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The Art of Persuasion: Use Emotional Intelligence to Get Your Ideas Across

By Michelle Mudge-Riley, DO, MHA
November 15, 2017

A lot of people seem interested in finding a “secret sauce” for sparking engagement and convincing others to change behaviors.

mudge nameline.jpgAre you good at getting people to listen to you and pay attention to your ideas? How do you do it? It’s not easy in a world where almost everyone has 1,000 things vying for their attention daily.

Persuasion is relevant for almost anyone in any industry. Physicians try to convince patients to stop smoking or to start exercising. Human resource executives try to convince employees to stay engaged and productive in their jobs. Chief medical information officers try to convince physicians and other providers to embrace and use technology.

Are incentives the answer? Daniel Pink, author of Drive, The Surprising Truth About What Motivates Us, has written extensively on the subject of motivation and found that financial and other incentives can reduce intrinsic motivation and result in an overall negative impact on performance. Dan Ariely, a researcher at Duke University, found incentives give people clear direction for behavior but can be distracting, create stress and ultimately reduce productivity and performance.

Adam Grant takes a different approach. A young professor at Wharton, he believes in pro-social motivation, or that the desire to help others drives people, independent of easily foreseeable payback. In one of his famous studies on hand hygiene, doctors and nurses used 45 percent more soap or hand sanitizer after a sign was put up at a hand washing station reminding doctors and nurses that, “Hand hygiene prevents patients from catching diseases” versus one that said, “Hand hygiene prevents you from catching diseases.”

These are two strikingly different tactics, but they both aim to accomplish the same goals. Overall, both have merit and work. Neither is a panacea.

For the past decade, I’ve worked with physicians as a career coach and as an engagement expert and consultant for physician organizations and other groups. Working with individuals or groups, here’s what I’ve seen work to accomplish the change necessary for success. Interestingly, over the years I’ve discovered it’s independent of gender, group size, location, individual or group background, or personal circumstances.

It helps to have some gray hair or to team up with someone who does. In fields where “older is wiser,” young people aren’t always taken as seriously. I look young and always have. Part of my success in consulting has been to work together with people who have some gray or white hair. It also helps that these people are usually smarter than I am.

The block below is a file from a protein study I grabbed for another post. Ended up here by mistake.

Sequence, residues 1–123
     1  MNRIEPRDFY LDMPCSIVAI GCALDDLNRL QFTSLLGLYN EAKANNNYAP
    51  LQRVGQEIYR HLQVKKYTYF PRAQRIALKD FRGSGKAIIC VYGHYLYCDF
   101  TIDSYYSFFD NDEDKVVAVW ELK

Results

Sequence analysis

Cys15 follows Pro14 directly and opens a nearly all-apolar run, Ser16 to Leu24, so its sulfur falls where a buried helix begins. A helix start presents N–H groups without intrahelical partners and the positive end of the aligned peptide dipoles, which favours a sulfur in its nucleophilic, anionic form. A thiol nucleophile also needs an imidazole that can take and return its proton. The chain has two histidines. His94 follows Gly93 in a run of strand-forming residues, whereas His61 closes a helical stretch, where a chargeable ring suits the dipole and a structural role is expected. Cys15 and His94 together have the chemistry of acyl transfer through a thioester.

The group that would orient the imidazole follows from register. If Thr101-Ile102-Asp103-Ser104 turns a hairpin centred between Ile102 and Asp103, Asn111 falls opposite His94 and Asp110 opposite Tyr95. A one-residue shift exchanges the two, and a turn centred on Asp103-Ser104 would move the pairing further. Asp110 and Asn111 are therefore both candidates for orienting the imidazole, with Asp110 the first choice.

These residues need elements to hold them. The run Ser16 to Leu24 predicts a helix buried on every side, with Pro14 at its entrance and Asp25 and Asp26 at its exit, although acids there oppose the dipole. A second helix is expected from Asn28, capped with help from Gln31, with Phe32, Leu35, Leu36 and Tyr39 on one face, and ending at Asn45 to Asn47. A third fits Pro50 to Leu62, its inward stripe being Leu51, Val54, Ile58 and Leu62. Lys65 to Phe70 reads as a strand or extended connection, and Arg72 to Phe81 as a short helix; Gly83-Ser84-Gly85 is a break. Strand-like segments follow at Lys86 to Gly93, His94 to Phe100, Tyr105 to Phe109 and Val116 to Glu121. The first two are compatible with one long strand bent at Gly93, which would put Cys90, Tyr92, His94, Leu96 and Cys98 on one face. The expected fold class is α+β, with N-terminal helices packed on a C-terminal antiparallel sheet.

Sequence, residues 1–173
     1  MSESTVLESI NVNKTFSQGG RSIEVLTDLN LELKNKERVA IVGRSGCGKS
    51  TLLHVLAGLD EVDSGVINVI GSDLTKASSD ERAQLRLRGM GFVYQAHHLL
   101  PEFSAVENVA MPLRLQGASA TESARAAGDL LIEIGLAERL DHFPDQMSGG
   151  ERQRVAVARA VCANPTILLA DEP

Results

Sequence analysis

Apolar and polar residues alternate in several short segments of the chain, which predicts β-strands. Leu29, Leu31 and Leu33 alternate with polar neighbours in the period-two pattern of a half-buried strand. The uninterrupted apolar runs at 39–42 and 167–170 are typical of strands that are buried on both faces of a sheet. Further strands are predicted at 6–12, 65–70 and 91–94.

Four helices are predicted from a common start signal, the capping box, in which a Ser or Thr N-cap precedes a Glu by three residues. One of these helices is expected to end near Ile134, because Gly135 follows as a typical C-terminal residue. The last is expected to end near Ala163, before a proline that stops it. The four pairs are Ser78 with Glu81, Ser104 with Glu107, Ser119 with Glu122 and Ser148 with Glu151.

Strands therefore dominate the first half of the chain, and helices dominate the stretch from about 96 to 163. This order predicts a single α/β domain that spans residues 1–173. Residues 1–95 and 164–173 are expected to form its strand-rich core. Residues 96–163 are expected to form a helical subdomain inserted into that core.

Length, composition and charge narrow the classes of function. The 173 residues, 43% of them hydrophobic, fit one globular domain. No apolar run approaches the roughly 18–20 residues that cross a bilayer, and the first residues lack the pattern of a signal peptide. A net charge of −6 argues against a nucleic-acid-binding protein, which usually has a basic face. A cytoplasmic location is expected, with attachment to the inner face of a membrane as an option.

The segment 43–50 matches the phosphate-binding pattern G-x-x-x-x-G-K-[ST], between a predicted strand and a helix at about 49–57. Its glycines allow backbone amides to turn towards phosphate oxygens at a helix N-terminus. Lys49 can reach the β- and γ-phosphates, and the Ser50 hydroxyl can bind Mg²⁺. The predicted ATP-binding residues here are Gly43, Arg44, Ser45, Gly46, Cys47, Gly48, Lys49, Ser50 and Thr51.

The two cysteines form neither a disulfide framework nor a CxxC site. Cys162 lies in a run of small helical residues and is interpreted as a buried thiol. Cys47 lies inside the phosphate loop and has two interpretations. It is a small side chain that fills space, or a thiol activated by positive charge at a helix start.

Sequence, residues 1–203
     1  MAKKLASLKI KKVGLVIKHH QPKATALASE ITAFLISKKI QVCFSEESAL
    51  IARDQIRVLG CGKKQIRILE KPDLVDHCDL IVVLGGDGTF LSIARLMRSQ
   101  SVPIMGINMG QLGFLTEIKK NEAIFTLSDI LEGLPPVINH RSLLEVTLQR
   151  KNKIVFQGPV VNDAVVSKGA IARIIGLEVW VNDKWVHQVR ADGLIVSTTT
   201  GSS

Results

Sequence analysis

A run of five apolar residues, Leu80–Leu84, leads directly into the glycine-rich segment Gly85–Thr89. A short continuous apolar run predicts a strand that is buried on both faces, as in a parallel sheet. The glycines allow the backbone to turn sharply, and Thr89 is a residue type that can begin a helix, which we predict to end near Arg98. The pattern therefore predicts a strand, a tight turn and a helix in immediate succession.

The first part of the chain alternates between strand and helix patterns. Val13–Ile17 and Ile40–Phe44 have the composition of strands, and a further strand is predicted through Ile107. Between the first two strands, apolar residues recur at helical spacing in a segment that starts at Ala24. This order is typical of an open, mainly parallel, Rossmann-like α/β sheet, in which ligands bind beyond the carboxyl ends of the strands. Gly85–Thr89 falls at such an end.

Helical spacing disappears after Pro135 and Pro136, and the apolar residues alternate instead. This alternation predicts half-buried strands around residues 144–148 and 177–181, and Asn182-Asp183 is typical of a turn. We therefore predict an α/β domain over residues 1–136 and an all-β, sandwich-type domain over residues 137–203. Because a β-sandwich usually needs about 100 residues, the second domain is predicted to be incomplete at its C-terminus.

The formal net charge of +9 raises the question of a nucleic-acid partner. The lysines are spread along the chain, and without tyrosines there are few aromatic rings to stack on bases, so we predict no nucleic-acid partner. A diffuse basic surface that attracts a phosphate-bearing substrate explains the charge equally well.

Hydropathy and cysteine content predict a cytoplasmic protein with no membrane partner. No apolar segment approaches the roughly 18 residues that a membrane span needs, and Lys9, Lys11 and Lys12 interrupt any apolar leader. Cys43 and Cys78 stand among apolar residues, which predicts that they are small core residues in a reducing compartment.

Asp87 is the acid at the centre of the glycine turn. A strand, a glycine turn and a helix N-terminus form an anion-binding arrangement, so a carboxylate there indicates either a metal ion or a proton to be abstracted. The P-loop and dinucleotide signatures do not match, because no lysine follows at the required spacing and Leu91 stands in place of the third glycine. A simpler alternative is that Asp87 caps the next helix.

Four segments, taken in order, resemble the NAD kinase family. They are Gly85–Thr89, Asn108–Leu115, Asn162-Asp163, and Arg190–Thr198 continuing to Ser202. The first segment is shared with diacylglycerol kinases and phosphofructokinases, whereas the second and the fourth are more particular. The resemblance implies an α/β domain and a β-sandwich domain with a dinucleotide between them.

If you want Gary to listen to you, listen to Gary. A client once provided me with some feedback about our work together and basically told me it “was falling short.” I could have ignored the comment. I could have gotten upset. After all, almost all my feedback is very good or exceptional. Instead, I listened to her and asked probing questions of “why” as I tried to figure out the gap. That client turned into one of my best referral sources and told many people how I was “the best in the industry” and about all the good work I had done to help her. Things might have turned out much differently had I gotten angry and lashed out at her with defensiveness when she first came to me as a frustrated client.

Have a genuine desire to help the other person and the situation. Keith Ferazzi and Dale Carnegie figured it out and then communicated it to the world in their books, Never Eat Alone and How to Win Friends & Influence People, respectively. Authenticity and a true desire to help the other person achieve personal goals will validate this person by making what’s important to him important to you. It’s amazing to see how doing this will naturally motivate him to help you. Keep in mind not to assume you know the other person’s aspirations – ask.

Know yourself and know your facts. You don’t have to be the smartest person in the room or have it all together. But you do need to be confident in your ability to contribute and you need to know as much as you can about the situation. No one will take you seriously if you don’t sound like you know what you’re talking about because you don’t understand or know all the facts. Ask questions. Lots of them.

Find common ground. If you can make an effort to really understand where the other person is coming from, you can usually find one or two ways in which you are similar or have a common interest. Find those places and expand on them. Once the two of you realize you’re not on opposite sides, it helps. It’s easier to listen to a friend than to an enemy or a stranger.

I wish there was a “secret sauce” to engagement and persuasion because it would make things much easier for all of us. But I’ve realized that no two situations are the same and no one approaches things in exactly the same way.

My team and I have found that using these tactics in varying degrees, depending on the circumstance, can help you in getting your ideas across and implemented.

Michelle Mudge-Riley, DO, MHA, is the founder of Physicians Helping Physicians and DocRD.

Topics: Leadership

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